Microsoft announced it's buying another tech giant, LinkedIn, for $26.2 billion. The companies, both leaders in the productivity marketplace, believe the move could boost their income potential by 50 percent in that market. According to a Microsoft spokesperson, talks on the massive deal began in March.
Cybersecurity researchers are linking a recent spate of attacks against Asian banks to North Korea. The digital security firm Symantec says the recent breaches in Asia have identical lines of malicious software deployed in the high profile attack against Sony Pictures in 2014. The FBI has tied North Korea to the Sony attack.
Apple is investing $1 billion in Chinese ride-hailing service Didi Chuxing. Apple Chief Executive Tim Cook says the move will help the company gain a better understanding of the Chinese market. In China, Didi already leads Uber, so this investment sets the stage for a big competitive battle between Apple and Uber.
Bitcoin gets a lot of attention because drug dealers sometimes use to buy and sell drugs on the digital underground. But that's not all it is. Turns out Bitcoin is also the great new hope on Wall Street — a tool that is so powerful, it might even be able to keep traders honest. Well, there's a Bitcoin evangelist making that case.
Apple got hit with a lot of bad news this week. First, the company posted its first quarterly revenue drop since 2003. And then billionaire activist investor Carl Icahn revealed that he has dumped all of his shares in Apple. NPR explores whether the company is really in trouble or if is this all just a bump in the road.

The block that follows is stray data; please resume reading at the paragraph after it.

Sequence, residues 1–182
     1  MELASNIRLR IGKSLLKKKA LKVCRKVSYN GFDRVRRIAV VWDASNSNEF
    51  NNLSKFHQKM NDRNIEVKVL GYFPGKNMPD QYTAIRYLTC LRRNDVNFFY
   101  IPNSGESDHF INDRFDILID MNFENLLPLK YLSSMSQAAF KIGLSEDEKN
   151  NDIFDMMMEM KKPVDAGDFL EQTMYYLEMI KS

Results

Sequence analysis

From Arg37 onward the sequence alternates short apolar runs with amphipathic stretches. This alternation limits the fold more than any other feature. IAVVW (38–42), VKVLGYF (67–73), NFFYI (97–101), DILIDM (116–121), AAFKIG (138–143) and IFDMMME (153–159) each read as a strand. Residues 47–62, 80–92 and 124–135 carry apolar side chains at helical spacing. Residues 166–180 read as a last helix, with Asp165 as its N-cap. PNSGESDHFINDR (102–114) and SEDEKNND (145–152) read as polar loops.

By settling class action lawsuits in California and Massachusetts, Uber will be able to continue to categorize drivers in those states as independent contractors. The company will pay as much as $100 million to about 385,000 drivers in those cases. Drivers in California react to the settlement and explain what it may mean for them — and for their customers.
NPR's Aarti Shahani reports that the European Union lodged new charges against Google, claiming the tech giant violated anti-trust laws by giving preferential treatment to its own Android operating system.
Microsoft is suing the Justice Department over gag orders that bar the company from informing customers when the government seeks information about them. Microsoft says the secrecy orders violate its free speech rights and customer legal protections against unreasonable searches.
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